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YouTube Is Hiring Hundreds of People to Help it Fix its Child-Exploitation Problem

December 5, 2017, 5:48 PM UTC

YouTube plans to hire more people to scour its website for violent videos after reports about disturbing footage on its app for children surfaced last month, prompting a slew of advertisers to abandon the site.

The company on Monday announced its new initiatives, which include beefing up its surveillance teams to have more than 10,000 people in 2018 and moving faster to shut down inappropriate content.

“We are taking these actions because it’s the right thing to do,” YouTube CEO Susan Wojcicki wrote in a blog post. It’s unclear how many people are already part of YouTube’s review team.

In November, the New York Times reported on a number of offensive and sometimes brutal videos found on the family-friendly YouTube Kids app. In one video, some of the characters of the popular animated children’s series PAW Patrol are violently killed off. Another image depicts beloved Disney characters like Frozen’s Elsa being urinated on while she’s in the bathtub.

Several advertisers, included Mars Inc., Adidas and Diageo, said they would pull their campaigns off YouTube in the aftermath, fearing the videos would attract pedophiles, according to the Wall Street Journal.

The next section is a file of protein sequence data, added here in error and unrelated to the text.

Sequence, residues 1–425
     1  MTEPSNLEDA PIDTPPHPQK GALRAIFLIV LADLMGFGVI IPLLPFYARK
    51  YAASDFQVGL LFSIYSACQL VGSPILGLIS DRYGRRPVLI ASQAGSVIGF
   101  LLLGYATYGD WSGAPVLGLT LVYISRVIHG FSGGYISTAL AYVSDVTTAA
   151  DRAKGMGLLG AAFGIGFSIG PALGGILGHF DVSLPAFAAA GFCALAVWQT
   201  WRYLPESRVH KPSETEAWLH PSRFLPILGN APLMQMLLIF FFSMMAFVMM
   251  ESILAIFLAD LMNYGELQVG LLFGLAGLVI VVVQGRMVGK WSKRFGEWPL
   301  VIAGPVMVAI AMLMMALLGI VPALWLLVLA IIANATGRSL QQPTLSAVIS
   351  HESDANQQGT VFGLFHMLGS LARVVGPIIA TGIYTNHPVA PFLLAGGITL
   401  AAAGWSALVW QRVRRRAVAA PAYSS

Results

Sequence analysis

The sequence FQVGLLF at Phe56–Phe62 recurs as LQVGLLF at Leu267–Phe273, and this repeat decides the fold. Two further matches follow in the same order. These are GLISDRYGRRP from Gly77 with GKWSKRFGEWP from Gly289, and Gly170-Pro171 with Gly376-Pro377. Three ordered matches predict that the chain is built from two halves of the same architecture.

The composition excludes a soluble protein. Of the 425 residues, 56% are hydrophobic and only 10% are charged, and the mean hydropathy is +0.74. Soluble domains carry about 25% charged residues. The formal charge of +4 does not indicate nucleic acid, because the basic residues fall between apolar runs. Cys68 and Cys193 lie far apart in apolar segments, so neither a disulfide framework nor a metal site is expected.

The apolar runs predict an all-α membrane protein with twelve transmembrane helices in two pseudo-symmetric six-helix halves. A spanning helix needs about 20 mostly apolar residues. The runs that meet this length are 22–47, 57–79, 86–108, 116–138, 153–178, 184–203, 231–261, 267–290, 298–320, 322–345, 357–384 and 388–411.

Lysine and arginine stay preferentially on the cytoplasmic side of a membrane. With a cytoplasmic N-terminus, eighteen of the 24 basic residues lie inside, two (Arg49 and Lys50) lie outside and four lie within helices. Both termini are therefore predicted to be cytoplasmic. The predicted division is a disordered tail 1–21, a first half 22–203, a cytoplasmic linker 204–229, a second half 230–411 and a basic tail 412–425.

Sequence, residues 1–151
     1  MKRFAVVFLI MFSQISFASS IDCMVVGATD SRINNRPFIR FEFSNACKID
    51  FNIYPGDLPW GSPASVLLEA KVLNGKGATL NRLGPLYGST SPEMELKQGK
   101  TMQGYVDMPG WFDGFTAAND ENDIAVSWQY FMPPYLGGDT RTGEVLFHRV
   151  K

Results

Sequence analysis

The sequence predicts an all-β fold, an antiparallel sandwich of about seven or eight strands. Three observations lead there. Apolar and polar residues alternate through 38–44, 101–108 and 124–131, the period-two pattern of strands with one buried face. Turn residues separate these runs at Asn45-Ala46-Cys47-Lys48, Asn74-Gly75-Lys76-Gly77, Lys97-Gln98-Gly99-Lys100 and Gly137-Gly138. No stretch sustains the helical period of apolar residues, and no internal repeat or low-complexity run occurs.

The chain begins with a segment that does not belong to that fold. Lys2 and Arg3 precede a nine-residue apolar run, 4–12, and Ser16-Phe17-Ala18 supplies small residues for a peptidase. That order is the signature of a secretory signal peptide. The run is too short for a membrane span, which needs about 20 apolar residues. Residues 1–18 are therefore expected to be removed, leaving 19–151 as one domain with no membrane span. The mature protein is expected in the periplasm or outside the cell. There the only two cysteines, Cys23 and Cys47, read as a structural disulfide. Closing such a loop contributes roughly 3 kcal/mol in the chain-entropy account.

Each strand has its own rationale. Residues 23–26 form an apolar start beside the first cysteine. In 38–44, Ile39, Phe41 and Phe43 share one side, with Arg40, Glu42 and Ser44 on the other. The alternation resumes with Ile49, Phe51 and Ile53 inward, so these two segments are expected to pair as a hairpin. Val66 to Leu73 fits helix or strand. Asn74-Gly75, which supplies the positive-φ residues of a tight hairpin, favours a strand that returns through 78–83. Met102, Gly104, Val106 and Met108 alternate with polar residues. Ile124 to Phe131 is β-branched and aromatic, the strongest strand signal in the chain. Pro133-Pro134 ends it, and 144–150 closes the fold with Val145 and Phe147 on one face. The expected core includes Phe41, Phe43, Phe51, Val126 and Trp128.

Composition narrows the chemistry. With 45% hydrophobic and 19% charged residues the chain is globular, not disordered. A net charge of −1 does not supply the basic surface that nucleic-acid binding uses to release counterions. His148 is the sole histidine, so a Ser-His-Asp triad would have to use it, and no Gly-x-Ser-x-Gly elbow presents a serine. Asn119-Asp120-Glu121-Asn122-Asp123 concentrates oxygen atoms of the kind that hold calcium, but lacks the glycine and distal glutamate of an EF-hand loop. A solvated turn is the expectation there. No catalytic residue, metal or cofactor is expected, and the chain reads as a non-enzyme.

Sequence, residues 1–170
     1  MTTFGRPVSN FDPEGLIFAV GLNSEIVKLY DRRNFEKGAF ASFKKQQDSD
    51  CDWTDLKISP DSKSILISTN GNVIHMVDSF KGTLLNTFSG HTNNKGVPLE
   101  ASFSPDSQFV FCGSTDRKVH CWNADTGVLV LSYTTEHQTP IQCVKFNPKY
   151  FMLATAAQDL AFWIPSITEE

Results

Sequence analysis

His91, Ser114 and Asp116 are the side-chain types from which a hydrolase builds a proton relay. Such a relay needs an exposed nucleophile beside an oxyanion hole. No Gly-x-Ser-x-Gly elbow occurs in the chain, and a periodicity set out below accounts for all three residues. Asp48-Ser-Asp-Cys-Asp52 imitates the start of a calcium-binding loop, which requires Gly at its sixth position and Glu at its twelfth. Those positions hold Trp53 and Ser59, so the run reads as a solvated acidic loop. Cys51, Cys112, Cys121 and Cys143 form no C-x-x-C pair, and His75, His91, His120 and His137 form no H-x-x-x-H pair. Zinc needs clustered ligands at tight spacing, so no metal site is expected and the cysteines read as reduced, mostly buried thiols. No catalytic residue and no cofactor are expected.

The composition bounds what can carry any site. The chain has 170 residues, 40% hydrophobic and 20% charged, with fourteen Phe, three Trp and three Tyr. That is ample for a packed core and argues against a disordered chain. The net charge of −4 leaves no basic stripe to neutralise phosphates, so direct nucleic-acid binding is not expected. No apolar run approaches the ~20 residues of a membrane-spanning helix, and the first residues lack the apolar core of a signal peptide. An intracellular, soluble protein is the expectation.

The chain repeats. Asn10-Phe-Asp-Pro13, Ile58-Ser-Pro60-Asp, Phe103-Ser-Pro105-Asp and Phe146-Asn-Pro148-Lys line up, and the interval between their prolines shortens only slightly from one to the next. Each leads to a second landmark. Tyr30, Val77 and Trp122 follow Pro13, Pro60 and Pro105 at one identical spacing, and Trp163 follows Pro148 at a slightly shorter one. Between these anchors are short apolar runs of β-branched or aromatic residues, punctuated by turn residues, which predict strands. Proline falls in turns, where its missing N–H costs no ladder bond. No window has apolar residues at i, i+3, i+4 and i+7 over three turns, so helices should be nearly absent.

YouTube addressed the issue this week, saying it has reviewed nearly 2 million videos for violent, extreme content and removed more than 150,000 of those videos since June — largely with the help of its “machine-learning technology” that can identify problematic videos.

“Our advances in machine learning let us now take down nearly 70 percent of violent extremist content within eight hours of upload and nearly half of it in two hours and we continue to accelerate that speed,” Wojcicki said.

More than 1 billion people use YouTube, according to its website. Wojcicki said human reviewers are still necessary in the company’s attempt to fix its child exploitation problem.

“Human judgment is critical to making contextualized decisions on content,” she said. “Our goal is to stay one step ahead of bad actors, making it harder for policy-violating content to surface or remain on YouTube.”